Researchers are learning more about how different species of bacteria in the human gut microbiome play a role in metabolism. Reporting in The ISME Journal, scientists have focused on how a sugar called sulfoquinovose, which contains sulfur, is broken down by gut microbes. Sulfoquinovose is found in green vegetables like spinach and lettuce. This study has shown that gut bacteria can cooperate to utilize the sulfosugar, producing hydrogen sulfide in the process. Hydrogen sulfide is well known for its rotten smell, but what may not be as well known is that at low concentrations, this gas can have an anti-inflammatory impact. However, higher levels have been linked to the development of diseases including cancer.
A single food, even one as simple as spinach, puts hundreds of different chemical compounds into our body when we consume it. Gut microbes eventually metabolize many of these compounds, and the interplay of the food we consume, the bacteria we carry, and how they help us digest food, all have a significant influence on our health.
"So far, however, the metabolic capabilities of many of these microorganisms in the microbiome are still unknown. That means we don't know what substances they feed on and how they process them," noted lead study author Buck Hanson of the Center for Microbiology and Environmental Systems Science (CMESS) at the University of Vienna. "By exploring the microbial metabolism of the sulfosugar sulfoquinovose in the gut for the first time, we have shed some light into this black box,"
The more we know about which specific types of bacteria affect metabolism and health, the easier it will be to find out how to maintain a healthy microbiome.
This work used stool samples from human volunteers to learn more about sulfosugar metabolism by gut microbes.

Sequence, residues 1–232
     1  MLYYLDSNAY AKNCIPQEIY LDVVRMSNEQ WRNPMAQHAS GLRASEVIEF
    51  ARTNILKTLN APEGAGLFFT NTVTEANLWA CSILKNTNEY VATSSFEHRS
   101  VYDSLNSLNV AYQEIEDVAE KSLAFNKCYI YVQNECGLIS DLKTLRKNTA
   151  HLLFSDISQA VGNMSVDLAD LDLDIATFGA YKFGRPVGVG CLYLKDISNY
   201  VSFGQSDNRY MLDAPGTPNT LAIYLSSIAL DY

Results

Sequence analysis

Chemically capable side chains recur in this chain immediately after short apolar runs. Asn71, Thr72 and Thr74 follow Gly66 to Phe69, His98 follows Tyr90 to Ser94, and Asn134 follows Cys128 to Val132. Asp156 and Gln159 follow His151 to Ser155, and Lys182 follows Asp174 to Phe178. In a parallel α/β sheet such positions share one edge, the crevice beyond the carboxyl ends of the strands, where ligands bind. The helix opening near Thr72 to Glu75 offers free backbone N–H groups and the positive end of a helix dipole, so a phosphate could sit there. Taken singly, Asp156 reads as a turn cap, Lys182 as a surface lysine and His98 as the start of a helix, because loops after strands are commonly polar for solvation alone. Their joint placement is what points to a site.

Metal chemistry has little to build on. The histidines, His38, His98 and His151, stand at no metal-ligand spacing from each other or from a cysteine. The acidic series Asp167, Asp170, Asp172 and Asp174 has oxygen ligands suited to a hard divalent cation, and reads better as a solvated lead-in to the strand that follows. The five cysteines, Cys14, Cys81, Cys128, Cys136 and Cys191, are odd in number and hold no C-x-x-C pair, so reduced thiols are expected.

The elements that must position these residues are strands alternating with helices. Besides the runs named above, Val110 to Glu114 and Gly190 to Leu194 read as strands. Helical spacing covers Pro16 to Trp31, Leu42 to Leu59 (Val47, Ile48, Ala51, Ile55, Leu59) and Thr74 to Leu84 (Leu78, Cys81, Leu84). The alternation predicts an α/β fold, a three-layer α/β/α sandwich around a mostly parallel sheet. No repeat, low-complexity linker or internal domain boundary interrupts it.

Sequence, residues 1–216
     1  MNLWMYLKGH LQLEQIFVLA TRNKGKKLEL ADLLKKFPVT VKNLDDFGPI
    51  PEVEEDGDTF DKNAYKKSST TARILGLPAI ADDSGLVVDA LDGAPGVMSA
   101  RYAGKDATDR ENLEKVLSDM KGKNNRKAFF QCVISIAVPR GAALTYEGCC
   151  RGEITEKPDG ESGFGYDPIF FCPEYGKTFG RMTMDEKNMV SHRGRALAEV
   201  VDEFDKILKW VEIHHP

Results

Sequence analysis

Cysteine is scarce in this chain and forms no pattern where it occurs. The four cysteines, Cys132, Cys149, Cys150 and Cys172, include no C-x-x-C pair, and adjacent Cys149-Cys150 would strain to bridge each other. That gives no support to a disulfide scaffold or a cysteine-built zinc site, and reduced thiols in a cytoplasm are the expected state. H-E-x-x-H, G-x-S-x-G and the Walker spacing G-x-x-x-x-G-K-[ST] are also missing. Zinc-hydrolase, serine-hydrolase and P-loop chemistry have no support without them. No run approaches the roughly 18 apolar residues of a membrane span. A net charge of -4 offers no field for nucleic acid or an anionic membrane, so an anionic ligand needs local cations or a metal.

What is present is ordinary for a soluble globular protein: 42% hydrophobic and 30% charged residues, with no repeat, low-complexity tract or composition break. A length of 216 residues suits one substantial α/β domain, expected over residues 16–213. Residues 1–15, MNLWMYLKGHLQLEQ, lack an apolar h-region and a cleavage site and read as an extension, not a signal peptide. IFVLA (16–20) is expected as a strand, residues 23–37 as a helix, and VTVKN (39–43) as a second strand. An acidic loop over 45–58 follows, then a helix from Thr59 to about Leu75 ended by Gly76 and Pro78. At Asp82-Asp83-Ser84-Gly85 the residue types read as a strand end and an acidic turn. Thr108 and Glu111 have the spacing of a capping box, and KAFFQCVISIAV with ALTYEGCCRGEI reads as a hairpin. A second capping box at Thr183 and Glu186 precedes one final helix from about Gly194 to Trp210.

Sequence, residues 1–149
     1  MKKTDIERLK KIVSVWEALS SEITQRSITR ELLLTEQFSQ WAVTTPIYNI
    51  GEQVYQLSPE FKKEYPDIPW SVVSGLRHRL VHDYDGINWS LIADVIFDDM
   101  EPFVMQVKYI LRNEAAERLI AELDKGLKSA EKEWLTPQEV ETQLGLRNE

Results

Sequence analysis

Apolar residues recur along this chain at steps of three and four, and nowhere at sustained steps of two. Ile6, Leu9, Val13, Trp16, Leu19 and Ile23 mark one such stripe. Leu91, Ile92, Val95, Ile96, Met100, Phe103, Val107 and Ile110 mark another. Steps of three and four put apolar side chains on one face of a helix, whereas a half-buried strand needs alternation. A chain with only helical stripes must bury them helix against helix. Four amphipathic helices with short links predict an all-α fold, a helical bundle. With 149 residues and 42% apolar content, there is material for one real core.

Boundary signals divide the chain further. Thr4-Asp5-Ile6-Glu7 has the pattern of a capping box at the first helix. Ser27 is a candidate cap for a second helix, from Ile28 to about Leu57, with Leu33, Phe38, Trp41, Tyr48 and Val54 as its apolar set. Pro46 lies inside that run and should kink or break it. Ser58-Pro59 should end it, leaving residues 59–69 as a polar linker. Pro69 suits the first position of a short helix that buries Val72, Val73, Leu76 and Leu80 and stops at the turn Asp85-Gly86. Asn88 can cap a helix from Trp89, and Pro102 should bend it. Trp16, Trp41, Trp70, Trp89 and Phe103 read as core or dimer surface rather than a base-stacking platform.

"We have now been able to show that, unlike glucose, for example, which feeds a large number of microorganisms in the gut, sulfoquinovose stimulates the growth of very specific key organisms in the gut microbiome," said study co-leader Professor David Schleheck of the University of Konstanz.
One of those key organisms is Eubacterium rectale, it's among the ten most common microbes found in the guts of healthy people.
"The E. rectale bacteria ferment sulfoquinovose via a metabolic pathway that we have only recently deciphered, producing, among other things, a sulfur compound, dihydroxypropane sulfonate or DHPS for short, which in turn serves as an energy source for other intestinal bacteria such as Bilophila wadsworthia. Bilophila wadsworthia ultimately produces hydrogen sulfide from DHPS via a metabolic pathway that was also only recently discovered," Schleheck explained.
Hydrogen sulfide gas appears to reduce inflammation in the intestinal mucosa, but when gut microbes generate a lot of it, it may cause chronic inflammation. "According to current knowledge, it can have a positive but also a negative effect on intestinal health," said study co-leader Alexander Loy, head of the research group at the University of Vienna.
It was thought that diets rich in meat and fat were sources of hydrogen sulfide, but now we know that sulfoquinovose can also come from green veggies and contribute to the production of this gas in the gut.
"We have shown that we can use sulfoquinovose to promote the growth of very specific gut bacteria that are an important component of our gut microbiome. We now also know that these bacteria in turn produce the contradictory hydrogen sulfide from it," said Loy.
The researchers want to know more about the potential positive impact of the plant-based sulfosugar. "It is also possible that sulfoquinovose could be used as a so-called prebiotic," noted Schleheck.